As a result, Georgetown has the highest rate of engagement per follower. Its content receives the most likes, shares, and comments per 1,000 of any college in the US.


    To do this yourself


    Focus on the things that make your school special. These might include:



    • Beautiful scenery and architecture
    • Events like concerts, graduation, or fairs
    • Special guests
    • Unique characters around campus

    Ask students to take photos of what the school means to them. Their favorite aspects of campus life may be very different from your own. Or just go with Pokémon:


    Georgetown uses humor in its social content


    4. Collaborate between departments


    One trap that schools fall into is keeping everything too separate. It’s great to have accounts for the football team, the theatre department, and the students’ association, but you still need to communicate as a united front. Clemson University is great at this.


    How Clemson does it


    Clemson has different accounts for all sorts of things: football, basketball, athletics, women’s athletics, the university, and more. These accounts share stories, and celebrate each other’s success. Often, it’s as simple as a retweet:




    By consistently sharing amongst themselves, they increase the reach of each story. That means more people see it, share it, and react. And that’s why schools are on social media in the first place.


    This collaboration was the main reason they were ranked second in Up&Up’s list of NCAA Division 1 schools on social media.


    Up&Up Director of Marketing Matt McFadden said Clemson “leverage[d] significant stories from individual entities – a wildly successful capital campaign, great student and alumni stories, athletics success, their first ‘Give Day’ – by consistently sharing these across each other’s social channels. This grew their audiences, reach and ultimately engagement.”


    To do this yourself


    There isn’t any great secret to collaborating well across campus, but these steps will help:



    • Set expectations. Make sure everyone agrees that working together is a priority.
    • Communicate openly. Keep all teams informed about the big events each week.
    • Get to know each other. Think of social media as one big team. Schedule meet-and-greets to share ideas and strengthen ties.

    As they say, teamwork makes the dream work.


    5. Be a thought leader


    To really make a splash on social, you can’t just stick to local stories. These are important, but you also need to think about the wider audience.


    How MIT does it


    MIT runs its Twitter feed like a news site. The school is famous worldwide for technology, computing, and statistics, so this is the news it shares.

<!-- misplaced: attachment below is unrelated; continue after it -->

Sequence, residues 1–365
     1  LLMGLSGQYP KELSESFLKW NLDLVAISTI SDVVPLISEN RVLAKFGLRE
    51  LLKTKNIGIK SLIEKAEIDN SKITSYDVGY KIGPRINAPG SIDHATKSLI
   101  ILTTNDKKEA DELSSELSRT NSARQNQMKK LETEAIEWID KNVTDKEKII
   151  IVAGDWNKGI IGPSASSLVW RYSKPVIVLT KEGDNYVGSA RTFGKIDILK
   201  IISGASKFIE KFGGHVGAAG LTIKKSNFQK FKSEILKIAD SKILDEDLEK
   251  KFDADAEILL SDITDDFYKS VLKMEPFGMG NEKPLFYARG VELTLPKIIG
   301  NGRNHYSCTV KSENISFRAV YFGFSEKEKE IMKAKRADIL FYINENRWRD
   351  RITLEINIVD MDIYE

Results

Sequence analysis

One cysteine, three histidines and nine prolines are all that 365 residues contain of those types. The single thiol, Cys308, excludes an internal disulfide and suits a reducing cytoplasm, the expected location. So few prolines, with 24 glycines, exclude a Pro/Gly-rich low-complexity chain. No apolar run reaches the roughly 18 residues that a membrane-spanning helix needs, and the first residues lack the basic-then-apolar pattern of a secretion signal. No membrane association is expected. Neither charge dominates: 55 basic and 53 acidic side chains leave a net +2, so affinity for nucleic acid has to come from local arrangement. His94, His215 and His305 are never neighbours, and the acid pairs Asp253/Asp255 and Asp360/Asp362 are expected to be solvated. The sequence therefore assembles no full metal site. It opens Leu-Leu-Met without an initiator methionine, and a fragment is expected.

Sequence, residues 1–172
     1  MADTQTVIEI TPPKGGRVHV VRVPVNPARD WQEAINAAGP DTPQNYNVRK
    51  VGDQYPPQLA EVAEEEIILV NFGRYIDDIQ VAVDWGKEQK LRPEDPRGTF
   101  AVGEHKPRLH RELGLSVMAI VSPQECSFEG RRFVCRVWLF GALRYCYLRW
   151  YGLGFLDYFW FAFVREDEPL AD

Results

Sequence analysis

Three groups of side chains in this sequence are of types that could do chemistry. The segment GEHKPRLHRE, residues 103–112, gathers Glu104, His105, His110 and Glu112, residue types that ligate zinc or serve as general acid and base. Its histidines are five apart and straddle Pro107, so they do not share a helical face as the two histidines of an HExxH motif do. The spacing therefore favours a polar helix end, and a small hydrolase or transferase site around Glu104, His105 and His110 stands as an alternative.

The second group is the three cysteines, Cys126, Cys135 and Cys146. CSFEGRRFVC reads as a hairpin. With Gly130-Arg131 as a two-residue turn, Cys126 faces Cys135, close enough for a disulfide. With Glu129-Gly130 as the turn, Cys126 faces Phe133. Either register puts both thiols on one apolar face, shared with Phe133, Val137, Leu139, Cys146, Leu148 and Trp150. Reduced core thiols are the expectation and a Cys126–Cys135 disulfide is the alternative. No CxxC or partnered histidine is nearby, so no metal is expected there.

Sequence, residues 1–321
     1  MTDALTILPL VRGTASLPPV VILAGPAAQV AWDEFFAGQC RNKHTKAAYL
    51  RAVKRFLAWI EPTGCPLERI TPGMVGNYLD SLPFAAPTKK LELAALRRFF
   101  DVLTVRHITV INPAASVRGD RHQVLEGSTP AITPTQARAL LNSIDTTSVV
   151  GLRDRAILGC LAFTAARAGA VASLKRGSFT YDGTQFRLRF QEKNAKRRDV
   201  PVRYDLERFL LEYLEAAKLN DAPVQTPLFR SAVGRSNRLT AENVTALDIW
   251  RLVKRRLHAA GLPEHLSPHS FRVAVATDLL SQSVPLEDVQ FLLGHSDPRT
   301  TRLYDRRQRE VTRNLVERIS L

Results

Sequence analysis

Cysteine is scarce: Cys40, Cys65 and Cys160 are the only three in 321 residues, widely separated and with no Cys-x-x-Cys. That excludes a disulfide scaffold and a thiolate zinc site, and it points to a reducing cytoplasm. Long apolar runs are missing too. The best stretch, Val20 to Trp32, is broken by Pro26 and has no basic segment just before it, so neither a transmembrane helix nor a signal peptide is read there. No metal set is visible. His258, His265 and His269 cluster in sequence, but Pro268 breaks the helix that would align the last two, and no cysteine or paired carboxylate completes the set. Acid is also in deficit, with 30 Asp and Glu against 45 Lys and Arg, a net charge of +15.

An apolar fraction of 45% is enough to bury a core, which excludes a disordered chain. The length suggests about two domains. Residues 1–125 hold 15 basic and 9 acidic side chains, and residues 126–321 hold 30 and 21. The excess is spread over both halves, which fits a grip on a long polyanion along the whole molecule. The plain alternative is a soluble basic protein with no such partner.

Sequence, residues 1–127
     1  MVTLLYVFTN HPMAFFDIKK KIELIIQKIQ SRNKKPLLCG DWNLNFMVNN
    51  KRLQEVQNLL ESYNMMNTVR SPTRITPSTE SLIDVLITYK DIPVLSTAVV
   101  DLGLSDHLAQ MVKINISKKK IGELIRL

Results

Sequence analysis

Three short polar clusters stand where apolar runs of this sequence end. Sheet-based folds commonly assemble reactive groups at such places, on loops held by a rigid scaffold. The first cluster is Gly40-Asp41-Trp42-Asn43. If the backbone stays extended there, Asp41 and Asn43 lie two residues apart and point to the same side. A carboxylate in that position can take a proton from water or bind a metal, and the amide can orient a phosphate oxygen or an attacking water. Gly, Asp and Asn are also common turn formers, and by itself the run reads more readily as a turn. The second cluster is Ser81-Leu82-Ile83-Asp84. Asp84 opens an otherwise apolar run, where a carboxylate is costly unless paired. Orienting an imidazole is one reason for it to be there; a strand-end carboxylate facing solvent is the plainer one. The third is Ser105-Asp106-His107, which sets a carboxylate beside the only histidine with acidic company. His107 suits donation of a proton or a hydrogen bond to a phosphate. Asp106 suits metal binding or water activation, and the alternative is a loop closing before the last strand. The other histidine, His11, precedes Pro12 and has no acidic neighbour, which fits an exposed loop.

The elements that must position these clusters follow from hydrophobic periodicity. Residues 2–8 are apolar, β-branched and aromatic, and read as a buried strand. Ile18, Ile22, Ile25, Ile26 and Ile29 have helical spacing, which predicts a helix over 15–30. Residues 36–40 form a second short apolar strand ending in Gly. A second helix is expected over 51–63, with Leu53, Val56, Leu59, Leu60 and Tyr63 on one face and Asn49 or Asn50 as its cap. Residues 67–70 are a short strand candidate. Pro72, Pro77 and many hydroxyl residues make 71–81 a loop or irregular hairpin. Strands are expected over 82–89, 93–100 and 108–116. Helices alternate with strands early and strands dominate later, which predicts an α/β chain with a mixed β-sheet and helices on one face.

Some of this is news about new developments at the school:






    But just as often, the posts educate and spread knowledge:




    This isn’t just a way to get more followers, it’s also great for student recruitment. Prospective students look to social media to help them choose a school, and you need to make yours look fun, interesting, and innovative. As a thought leader, MIT confirms the idea that it’s an elite institution.


    Plus, your cup runneth over with experts! Whatever your school is good at, find ways to talk about those subjects.


    To do this yourself


    Find and share content that will appeal to people outside campus. To do this, you should:



    • Request news and breakthroughs from your faculties.
    • Talk with communications and journalism students to share their work.
    • Share stories from outside the school that will interest prospective students.

    Universities are the birthplace of big ideas. Make your social media accounts reflect this, and you’ll appeal to bright people all over the world.


    Now put it all together


    We’ve seen five strategies schools use to excel on social media. All of them are great approaches that you can incorporate right away.


    The tricky part is figuring out how much to do of each.


    Create a content plan that includes:



    1. Specific goals for your social media marketing. These could be increased engagement, new followers, or more admissions.
    2. The kinds of content that’ll help you reach these goals (including our examples above).
    3. The buy-in you’ll need from other departments like sports teams, professors, and the school newspaper.

    Once you have this plan in place, test it out! And don’t be afraid to tinker with the formula.


    With a plan in place, and some creative new content, you can’t lose!

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    Author: Patrick Whatman